Joey Reiman: ‘Passion divides the winners from the whiners’

Joey Reiman took his unconventional upbringing even further than his astrologer mother could have predicted.

Known throughout the advertising industry for his creativity, Reiman, 60, rose up the ranks at several large agencies before launching his own Atlanta firm. Then, while flying back from a London business trip 18 years ago, he decided to exit the ad world he’d flourished in. He opened a consulting firm here, BrightHouse, to convince CEOs that doing “business with a purpose” trumps conventional strategies and tactics, including traditional advertising.

At first, it was tough going. But Reiman kept pushing, building BrightHouse into a multimillion-dollar business with 25 employees who’ve advised many Fortune 500 companies. He talks about his unique approach, as well as two forces that shaped his life — his mother and a car accident.

Q: You’ve described your upbringing as “wild and colorful.” What happened?

A: My father was a food broker. You might remember the old Juan Valdez TV commercial. Well, he was like the businessman in the commercial who went to South America to taste the coffee beans.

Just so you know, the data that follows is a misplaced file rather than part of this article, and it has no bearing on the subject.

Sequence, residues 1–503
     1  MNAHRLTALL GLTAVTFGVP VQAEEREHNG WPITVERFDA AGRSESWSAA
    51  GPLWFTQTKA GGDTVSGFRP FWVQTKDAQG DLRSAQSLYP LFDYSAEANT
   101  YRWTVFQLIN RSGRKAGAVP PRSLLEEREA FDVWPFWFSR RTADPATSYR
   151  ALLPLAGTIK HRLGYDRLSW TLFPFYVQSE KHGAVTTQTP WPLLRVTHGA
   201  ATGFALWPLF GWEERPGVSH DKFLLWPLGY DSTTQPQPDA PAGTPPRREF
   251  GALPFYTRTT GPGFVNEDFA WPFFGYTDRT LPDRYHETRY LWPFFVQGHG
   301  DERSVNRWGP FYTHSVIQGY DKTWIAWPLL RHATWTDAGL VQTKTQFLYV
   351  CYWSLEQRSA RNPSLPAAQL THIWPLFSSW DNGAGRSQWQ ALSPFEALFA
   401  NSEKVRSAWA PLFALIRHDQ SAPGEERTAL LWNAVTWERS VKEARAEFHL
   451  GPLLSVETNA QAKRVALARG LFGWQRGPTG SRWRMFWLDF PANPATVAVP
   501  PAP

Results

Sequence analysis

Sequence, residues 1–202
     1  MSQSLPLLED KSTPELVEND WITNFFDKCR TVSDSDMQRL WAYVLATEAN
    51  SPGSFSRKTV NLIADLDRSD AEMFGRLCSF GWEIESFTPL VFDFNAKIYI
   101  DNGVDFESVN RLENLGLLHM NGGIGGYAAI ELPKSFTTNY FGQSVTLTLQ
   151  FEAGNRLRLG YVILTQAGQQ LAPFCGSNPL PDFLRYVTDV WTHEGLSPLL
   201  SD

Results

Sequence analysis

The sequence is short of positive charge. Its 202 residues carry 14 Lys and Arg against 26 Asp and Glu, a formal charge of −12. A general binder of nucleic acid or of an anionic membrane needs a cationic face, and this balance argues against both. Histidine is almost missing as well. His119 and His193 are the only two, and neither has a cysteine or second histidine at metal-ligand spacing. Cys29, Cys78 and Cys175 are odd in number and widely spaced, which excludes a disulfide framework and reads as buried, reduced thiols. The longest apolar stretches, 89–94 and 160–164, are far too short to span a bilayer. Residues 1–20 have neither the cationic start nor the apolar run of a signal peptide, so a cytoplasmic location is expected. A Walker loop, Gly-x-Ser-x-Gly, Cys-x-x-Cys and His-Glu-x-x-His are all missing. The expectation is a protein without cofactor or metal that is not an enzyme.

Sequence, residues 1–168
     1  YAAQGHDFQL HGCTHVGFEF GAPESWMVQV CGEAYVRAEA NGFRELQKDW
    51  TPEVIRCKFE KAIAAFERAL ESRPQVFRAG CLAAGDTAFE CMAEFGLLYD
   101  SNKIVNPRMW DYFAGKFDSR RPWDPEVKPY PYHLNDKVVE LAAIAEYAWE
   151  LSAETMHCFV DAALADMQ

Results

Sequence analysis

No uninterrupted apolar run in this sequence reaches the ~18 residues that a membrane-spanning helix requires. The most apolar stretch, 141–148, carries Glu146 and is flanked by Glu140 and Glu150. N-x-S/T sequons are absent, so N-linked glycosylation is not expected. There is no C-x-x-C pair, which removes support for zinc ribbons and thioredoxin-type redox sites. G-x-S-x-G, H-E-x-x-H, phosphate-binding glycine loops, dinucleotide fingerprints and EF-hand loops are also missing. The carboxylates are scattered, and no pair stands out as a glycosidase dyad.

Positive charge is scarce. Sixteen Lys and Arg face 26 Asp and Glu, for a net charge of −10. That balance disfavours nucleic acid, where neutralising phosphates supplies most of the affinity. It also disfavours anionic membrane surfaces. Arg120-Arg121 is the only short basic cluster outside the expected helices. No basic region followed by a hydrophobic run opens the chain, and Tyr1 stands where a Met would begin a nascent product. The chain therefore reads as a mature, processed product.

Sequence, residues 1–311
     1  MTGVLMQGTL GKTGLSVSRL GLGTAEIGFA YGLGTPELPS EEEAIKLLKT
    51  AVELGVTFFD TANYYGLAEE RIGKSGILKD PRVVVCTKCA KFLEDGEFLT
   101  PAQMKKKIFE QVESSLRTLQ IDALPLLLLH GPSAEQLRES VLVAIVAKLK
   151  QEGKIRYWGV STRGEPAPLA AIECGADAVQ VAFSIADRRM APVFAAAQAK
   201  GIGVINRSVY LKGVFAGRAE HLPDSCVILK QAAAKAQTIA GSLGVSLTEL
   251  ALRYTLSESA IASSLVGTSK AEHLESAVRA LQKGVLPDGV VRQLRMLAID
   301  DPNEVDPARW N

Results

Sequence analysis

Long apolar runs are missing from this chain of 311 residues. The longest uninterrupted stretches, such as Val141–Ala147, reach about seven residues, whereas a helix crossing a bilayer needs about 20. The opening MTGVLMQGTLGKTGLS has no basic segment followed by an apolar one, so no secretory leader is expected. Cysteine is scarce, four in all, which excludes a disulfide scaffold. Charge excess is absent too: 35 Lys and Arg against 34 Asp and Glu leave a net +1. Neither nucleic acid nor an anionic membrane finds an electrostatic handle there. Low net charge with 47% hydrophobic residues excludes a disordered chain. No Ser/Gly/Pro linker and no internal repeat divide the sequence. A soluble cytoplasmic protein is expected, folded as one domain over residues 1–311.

Of course, he could only go down there during the times when my mother would allow him to go because she was an astrologer. So she knew when he would have good meetings and bad meetings. In astrology, the planets play as large a role in your life as people.

He was the most conservative man I’ve ever met and she was like the “Bewitched” TV character. Math brought them together. My father was an amazing mathematician and would do her algorithms. Then she would know what’s going to happen to me. Before I took an exam in school, I knew how I would do.

When I was growing up in Manhattan, it wasn’t about dating girls who were Jewish. It was about not dating girls who were Capricorns with Virgo moons. You might notice that there’s no one in this company like that. I’m an Aries with a Libra moon.

Q: Is there a lesson there for non-believers in astrology?

A: The lesson is to put as many tools in your toolbox as possible. Astrology was a perspective that no one else had. It gave me an additional lens.